The Coast Guard on Monday said piracy was moving closer to India’s shores and investigating agencies were probing if Somali pirates had any links with Pakistan-based terror groups.
In the first major anti-piracy operation closest to India’s shores, the navy and coast guard last week sank a pirate ship near Lakshadweep, rescued 20 fishermen and arrested 15 Somali pirates.
Coast Guard director general Vice Admiral Anil Chopra said, “When piracy is so close to India, there would be speculation about any such linkages (between pirates and Pakistan-based groups). Intelligence agencies are investigating all the people who are captured to establish if there is any connection.” He said the pirates posed threat to merchant vessels transiting between India and the Maldives.
He was addressing the media on the eve of the coast guard’s 34th anniversary. Chopra said Somali pirates had started moving eastwards from the Gulf of Aden due to increased presence of international navies there. The pirates arrested on Friday are being brought to Mumbai for interrogation.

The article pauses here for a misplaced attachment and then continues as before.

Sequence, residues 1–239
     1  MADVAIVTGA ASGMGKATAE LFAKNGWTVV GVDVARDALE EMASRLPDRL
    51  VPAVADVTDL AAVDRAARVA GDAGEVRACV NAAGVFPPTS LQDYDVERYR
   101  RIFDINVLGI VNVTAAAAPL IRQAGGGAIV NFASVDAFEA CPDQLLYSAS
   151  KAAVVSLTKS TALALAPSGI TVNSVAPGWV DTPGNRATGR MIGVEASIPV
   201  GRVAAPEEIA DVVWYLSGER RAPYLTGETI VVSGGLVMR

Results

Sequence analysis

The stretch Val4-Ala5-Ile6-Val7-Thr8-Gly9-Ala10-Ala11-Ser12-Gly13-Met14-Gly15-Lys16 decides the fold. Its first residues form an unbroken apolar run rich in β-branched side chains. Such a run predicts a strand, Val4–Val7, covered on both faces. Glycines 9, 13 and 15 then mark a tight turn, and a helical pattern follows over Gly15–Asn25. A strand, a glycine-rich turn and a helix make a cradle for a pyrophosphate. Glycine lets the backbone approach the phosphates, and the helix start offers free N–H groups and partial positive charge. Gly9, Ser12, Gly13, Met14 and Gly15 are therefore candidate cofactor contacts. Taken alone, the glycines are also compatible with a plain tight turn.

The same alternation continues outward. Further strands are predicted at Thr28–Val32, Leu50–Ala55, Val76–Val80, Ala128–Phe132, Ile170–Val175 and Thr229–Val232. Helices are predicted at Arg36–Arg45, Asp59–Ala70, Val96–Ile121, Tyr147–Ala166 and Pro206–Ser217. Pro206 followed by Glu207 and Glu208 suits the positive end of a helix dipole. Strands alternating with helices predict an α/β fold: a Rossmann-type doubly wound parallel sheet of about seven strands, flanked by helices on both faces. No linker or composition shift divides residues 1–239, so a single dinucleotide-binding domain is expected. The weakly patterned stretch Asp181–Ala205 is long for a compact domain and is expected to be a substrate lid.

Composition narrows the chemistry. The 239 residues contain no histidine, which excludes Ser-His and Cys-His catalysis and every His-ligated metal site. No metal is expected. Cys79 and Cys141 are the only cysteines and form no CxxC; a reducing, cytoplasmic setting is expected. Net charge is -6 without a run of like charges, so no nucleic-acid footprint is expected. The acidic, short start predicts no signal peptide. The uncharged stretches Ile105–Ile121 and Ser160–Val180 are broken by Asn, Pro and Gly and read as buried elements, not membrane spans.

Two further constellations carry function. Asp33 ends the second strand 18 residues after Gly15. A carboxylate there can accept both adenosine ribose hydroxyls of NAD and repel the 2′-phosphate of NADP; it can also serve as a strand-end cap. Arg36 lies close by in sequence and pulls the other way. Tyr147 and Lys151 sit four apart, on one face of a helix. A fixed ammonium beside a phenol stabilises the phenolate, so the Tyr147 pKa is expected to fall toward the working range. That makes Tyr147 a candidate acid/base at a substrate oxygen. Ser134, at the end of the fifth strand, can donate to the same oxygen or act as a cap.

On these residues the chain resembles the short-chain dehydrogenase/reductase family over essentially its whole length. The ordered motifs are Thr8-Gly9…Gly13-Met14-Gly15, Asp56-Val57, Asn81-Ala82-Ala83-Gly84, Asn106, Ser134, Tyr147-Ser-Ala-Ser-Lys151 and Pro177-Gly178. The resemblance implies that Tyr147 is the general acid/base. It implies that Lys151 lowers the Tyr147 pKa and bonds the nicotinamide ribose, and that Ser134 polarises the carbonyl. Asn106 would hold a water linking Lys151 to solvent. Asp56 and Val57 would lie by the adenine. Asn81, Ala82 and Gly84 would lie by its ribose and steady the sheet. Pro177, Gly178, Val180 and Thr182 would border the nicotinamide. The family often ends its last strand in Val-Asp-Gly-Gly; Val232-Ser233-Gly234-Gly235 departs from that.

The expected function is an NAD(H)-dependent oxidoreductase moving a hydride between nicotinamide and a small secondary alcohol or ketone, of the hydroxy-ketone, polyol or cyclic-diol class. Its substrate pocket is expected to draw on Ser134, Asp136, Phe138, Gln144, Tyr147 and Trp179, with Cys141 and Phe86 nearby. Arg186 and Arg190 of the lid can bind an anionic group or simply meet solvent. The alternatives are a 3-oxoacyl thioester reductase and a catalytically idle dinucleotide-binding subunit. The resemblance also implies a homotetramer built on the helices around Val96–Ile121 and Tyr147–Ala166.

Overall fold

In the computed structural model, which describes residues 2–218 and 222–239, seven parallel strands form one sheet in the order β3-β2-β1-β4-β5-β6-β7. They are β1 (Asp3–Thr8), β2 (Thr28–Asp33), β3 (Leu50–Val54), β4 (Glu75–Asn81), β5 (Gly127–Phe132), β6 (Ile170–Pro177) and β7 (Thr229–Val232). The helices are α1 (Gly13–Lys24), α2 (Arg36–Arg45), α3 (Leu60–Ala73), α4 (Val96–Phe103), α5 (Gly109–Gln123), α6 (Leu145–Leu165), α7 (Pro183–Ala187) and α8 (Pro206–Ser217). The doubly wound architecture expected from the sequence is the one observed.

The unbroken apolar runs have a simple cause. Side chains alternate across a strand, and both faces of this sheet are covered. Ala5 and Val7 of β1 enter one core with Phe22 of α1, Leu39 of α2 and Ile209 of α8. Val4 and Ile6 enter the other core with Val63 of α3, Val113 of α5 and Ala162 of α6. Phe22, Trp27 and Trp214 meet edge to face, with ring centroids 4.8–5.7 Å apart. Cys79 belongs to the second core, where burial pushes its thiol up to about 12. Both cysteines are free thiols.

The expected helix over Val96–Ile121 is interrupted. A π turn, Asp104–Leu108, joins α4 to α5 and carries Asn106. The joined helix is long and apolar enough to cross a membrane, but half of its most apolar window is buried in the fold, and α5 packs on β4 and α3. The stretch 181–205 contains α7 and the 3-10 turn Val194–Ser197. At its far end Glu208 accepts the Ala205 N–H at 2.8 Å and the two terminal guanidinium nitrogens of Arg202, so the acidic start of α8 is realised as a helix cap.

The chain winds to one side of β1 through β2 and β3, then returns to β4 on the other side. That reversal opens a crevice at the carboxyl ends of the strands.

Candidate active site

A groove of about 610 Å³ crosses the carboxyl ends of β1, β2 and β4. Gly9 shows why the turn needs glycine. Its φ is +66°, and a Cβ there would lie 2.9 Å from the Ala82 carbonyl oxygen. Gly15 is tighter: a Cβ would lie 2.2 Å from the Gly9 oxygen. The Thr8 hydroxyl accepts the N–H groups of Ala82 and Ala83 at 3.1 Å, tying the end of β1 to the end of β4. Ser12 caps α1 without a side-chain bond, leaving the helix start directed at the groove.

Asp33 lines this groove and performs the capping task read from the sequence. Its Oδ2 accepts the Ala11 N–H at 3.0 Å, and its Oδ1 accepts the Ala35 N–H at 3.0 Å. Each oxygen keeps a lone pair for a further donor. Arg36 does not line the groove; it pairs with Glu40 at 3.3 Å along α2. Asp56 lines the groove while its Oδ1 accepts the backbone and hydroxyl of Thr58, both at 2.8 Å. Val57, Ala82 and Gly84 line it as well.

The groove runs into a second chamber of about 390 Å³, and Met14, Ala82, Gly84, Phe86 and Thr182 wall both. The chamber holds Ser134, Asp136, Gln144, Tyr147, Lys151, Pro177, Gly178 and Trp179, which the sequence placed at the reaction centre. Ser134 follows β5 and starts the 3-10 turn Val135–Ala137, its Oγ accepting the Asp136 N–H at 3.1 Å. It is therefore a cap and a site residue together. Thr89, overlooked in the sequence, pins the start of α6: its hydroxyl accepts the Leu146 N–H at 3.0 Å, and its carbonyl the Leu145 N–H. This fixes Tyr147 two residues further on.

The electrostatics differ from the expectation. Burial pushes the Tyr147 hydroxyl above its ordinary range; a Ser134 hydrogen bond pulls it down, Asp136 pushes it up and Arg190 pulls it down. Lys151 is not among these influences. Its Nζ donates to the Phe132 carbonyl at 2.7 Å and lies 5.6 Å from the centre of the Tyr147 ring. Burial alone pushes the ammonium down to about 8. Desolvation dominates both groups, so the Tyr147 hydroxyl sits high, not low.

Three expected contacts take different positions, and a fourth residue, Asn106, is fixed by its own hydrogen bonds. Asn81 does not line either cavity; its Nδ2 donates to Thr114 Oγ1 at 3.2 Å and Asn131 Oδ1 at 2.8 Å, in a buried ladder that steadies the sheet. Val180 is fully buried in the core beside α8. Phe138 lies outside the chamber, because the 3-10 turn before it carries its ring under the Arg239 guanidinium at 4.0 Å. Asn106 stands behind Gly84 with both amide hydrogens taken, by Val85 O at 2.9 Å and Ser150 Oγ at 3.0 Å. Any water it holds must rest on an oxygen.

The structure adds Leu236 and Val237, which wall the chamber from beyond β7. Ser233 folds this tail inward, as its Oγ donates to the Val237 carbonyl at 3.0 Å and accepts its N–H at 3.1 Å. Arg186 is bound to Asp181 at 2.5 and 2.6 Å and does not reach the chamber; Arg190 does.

The big catch came two months after the navy launched its biggest anti-piracy drive off India’s west coast. The pirates had been on the prowl in the eastern parts of Arabian Sea since last April after they hijacked a Thai vessel, the Prantalay, and were using it as a mother vessel for carrying out a wave of attacks on merchant vessels.
The INS Cankarso, a fast attack craft, intercepted the mother ship 370 km off the Kochi coast on Friday, but the pirates opened fire with automatic weapons in a desperate bid to escape. Prantalay burst into flames and sank after the navy retaliated with “limited fire in self defence.” The incident took place just 165 km north of Minicoy in Lakshadweep.
INS Kalpeni and Coast Guard Ship Sankalp also took part in the operation. Defence minister AK Antony inaugurated two coast guard stations in Lakshadweep last month, reinforcing India’s maritime security architecture.
The navy had launched four warships last November to sanitise the eastern parts of the Arabian Sea after a spurt of piracy attempts reported by transiting merchant vessels. Helicopters and patrol aircraft are supporting the warships, with marine commandos onboard. The navy has been carrying out anti-piracy patrols in the international waters off the Gulf of Aden since October 2008.